The resolution craze seems to be insatiable. From 480p SD to 720p to “Full” 1080p HD… there seems to be no end to the pixel pushing hype. Consumers and corporate marketers are driving a new push to sell Ultra 4K televisions at a time when broadcasters and local media markets have just finally settled into their 1080 HD equipment and workflows. Netflix is streaming 4K movies now. Apple has released an iMac computer with a 5K screen and their latest Mac Pro is configured to handle multiple screens of 4K video. 4K televisions are dropping in price rapidly and the market seems to be warming to another format change. 3D is still in the conversation as well as higher frame rates (for sporting events and certain movie applications).
And now the subject of 8K is starting to enter the discussion. So it’s really time to stop and evaluate the priorities. Do we really want 8K? Or do we need higher quality with the resolutions we already have? There’s a great article over at Red Shark on this very topic… take a look.
Most people will believe that higher resolutions are naturally the way to go… but you won’t really notice a difference at home unless you have a very large TV. Granted, they have their own agenda, but the people at Dolby are pretty smart and here is their take:
We can’t escape the inevitability of 4K (or possibly 8K). Everything will support the next generation TV technology at some point. The question is, will it be worth the hassle of upgrading an entire industry for more pixels. If Dolby Vision can get in on that upgrade, you might actually feel much better about your next TV purchase. http://blog.dolby.com/2014/04/introduction-dolby-vision/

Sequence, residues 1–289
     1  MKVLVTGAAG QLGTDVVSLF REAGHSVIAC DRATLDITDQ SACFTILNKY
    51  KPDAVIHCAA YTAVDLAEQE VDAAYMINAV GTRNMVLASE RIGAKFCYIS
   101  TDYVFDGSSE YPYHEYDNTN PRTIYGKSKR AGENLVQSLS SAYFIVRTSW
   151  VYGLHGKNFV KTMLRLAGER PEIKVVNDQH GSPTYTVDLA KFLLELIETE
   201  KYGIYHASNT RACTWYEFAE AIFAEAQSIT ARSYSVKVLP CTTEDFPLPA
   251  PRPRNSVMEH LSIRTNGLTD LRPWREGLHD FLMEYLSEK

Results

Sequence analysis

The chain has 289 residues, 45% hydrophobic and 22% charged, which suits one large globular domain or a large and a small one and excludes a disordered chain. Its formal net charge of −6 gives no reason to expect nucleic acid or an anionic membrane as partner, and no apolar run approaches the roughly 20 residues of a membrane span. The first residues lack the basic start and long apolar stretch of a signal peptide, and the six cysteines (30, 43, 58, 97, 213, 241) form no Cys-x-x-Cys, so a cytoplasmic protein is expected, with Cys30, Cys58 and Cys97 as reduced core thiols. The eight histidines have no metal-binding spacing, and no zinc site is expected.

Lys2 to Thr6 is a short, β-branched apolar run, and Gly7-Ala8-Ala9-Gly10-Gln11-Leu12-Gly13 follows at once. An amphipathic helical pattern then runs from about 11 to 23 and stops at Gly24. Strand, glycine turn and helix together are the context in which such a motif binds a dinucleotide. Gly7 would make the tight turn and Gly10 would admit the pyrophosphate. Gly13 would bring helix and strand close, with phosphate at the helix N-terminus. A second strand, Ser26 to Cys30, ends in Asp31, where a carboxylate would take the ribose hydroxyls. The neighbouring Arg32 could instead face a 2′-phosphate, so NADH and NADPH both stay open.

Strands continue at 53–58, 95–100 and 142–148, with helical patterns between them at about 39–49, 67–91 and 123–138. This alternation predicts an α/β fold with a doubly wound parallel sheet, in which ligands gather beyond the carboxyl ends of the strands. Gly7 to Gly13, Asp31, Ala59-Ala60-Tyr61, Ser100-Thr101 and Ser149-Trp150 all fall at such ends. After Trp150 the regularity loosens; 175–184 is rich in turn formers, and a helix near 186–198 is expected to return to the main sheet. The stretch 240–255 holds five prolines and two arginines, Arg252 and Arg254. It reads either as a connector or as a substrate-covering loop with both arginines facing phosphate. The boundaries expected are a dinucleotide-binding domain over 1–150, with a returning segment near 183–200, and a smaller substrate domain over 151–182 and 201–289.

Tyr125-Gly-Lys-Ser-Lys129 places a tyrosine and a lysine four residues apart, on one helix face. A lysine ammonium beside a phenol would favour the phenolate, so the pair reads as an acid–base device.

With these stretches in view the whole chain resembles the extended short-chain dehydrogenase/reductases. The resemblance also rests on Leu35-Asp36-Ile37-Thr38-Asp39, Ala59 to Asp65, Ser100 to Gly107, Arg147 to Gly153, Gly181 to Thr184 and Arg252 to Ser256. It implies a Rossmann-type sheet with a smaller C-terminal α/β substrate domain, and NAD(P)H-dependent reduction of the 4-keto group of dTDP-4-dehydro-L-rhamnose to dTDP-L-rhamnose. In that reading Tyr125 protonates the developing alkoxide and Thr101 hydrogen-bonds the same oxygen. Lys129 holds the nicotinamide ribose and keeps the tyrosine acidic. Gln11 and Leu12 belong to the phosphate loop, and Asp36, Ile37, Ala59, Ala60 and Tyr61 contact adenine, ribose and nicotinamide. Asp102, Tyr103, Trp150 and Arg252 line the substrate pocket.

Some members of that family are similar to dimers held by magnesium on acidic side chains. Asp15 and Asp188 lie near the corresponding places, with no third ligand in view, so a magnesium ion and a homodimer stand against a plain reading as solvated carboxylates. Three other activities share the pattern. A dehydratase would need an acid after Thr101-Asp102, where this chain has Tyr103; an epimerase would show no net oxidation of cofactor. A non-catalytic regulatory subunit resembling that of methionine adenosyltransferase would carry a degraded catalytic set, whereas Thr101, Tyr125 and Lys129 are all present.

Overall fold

I think they are right. As someone in content creation, I’m not excited about upgrading my equipment all over again (though we already have the new Mac Pro and the workflow adjustments won’t be too bad). One day we’ll all look at screens that are so high in resolution, we won’t be able to tell if it’s a window or a screen (think about the hotel room in Hunger Games – a giant screen that looked like a window). But before that happens, we need to make sure the pixels we already have look as real as possible. We’ve pushed pretty far into higher resolutions and the technology is already in place to go farther, but I think we need to make sure that the colors are right, that the blacks look truly black and that the differences between dark and bright areas reflect reality in a more convincing way. TV’s today are really bad at this. Look at this chart from a recent Dolby presentation:
The little orange box shows just how small a slice of visible light the current TV’s are able to reproduce. Can you imagine the difference it would make to have displays capable of reproducing double or even triple their range of light?! The difference would be like night and day…
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